When I applied for my first engineering job, I lied.
“Why did you want to become an Engineer?” asked the grey-haired-60-something man from across the boardroom table. I had prepared my answer, and launched into a generic spiel I’d heard repeated plenty of times before: “I’m fascinated by technology” I said … “was addicted to lego” … “always taking things apart”.
In reality, I don’t remember ever playing with lego as a child, and all of my parents’ belongings remained resolutely intact. But I’d learnt that this was the answer people wanted to hear. It was comfortable, easy to understand, emotionally neutral.
Looking back, I’m disappointed that my answer was largely contrived and boring, but what saddens me most is that I was embarrassed by my real motivations. I’d felt that they were too idealistic, too naïve; too girly.
As an Engineer, being ‘girly’ is a challenge, it affects how people perceive you, it can undermine your work, and put you in uncomfortable situations. I learnt very early on to switch off that side of myself, to join in with the laddish banter and to let sexist comments slip under the carpet. I learnt how to fit in, how to succeed, how to be liked and respected. I was able to shut down the ‘girl’ in me, which I did without much awareness, and without realising the effect it was having on the rest of my life.
From a core-values perspective, this situation is simply unjust, but there is an economic argument for accelerating gender diversity too. The Engineering industry contributes £481 billion to the UK economy, and a recent Royal Academy of Engineering report concluded that the UK needs to increase the number of STEM graduates it is creating by as much as 50%. With the number of female engineering professionals standing at a measly 8%, and with 48% of state schools failing to send a single girl to study a-level physics, there is a vast cavern of lost talent. This is damaging to the career opportunities of our young girls, and by extension the UK economy.
If I could influence Government to take action on one issue to improve the lives of women and girls, it would be to support all young people who fall outside the macho norm of the engineering industry. We need to encourage them to study engineering, make them feel safe, and nurture them. Government should:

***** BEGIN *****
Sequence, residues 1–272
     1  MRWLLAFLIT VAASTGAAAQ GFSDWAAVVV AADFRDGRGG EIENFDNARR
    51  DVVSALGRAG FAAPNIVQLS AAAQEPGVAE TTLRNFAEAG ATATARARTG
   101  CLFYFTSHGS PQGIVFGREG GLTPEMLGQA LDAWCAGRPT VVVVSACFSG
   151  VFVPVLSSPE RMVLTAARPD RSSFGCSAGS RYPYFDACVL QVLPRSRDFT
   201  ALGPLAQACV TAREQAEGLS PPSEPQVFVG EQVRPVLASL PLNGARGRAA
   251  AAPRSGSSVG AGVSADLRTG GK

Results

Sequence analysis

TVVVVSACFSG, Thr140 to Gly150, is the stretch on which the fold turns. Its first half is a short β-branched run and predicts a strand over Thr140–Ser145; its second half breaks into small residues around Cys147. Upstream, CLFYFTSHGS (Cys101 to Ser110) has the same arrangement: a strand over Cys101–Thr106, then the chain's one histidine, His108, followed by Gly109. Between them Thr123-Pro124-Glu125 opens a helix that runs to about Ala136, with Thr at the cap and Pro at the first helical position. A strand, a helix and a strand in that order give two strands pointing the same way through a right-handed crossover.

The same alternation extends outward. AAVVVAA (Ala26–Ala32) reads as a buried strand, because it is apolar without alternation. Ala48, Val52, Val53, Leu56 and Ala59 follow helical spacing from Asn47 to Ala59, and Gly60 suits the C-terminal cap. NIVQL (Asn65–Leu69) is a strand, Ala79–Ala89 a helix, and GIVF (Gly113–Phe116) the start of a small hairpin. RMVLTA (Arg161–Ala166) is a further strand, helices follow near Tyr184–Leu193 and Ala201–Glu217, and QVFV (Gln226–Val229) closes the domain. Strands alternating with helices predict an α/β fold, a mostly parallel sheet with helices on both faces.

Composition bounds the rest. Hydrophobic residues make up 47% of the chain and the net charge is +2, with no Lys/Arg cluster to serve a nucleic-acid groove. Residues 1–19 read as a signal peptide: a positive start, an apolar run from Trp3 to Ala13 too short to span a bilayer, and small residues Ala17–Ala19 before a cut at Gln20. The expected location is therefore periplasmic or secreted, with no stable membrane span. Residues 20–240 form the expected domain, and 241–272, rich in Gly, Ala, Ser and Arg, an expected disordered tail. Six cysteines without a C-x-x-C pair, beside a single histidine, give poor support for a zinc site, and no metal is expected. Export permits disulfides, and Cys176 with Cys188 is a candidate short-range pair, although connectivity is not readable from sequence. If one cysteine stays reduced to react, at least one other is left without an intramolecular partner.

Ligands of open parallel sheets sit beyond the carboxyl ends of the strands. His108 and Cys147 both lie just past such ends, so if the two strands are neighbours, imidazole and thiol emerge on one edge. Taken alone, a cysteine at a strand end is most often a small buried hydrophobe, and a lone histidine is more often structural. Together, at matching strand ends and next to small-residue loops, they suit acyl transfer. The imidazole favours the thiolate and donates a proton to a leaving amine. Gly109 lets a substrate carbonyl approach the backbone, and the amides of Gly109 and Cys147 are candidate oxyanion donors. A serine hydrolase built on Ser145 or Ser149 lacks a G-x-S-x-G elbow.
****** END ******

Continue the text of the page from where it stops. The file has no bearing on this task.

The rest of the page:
1) Support grass-roots organisations such as ScienceGrrl and STEMettes who are already tackling these issues, by providing them with political visibility and financial resource.
2) Provide informed, high quality careers guidance for young people, demonstrating the real face of engineering, and the real human impact that Engineers have.
3) Provide an open forum for discussions about gender diversity issues to take place and to be heard, and to facilitate inclusive and open dialogue on actions for change.
I believe that if government embraced these recommendations it would pave a sustainable path towards gender diversity in the engineering industry and create a workforce that is happier, fairer, and better able to tackle the world’s most pressing challenges.
So how should I have responded to that question from across the boardroom table? What was my real passion, my motivation? Well, it goes something like this:
“I want to be an Engineer because I want to change the world. I want to provide people with access to clean water, sanitation, education and healthcare facilities. I want to reduce our global dependency on fossil fuels, which is accelerating climate change, and that will disproportionately impact upon the most vulnerable communities. I want to provide great places for people to live in, to play in, and to succeed in. I want to be part of a visionary industry that can shift the goalposts of what is possible, and to work respectfully and creatively across disciplines, to provide real solutions to real human needs.”
In the summer, the National Council of Women launched an essay competition: #SpeakOut Giving Young Women and Girls a Voice. The aim was to challenge young women to articulate issues that directly affect them and to give them a national and international voice. The title was simple: ‘If you could influence Government to take action on one issue to improve the lives of women and girls, what would it be?’
This question struck a personal note with me: I wanted to talk about my personal experience in the engineering industry, I wanted to get my voice heard, and I wanted more people addressing and debating these issues. The essay above was my entry.
I am very proud and privileged that my entry was selected as the regional winner in the 19-30 age category and came second nationally. I’m looking forward to continuing to work through ScienceGrrl to raise awareness and challenge ingrained gender stereotypes in the Engineering industry and elsewhere.
What do you think?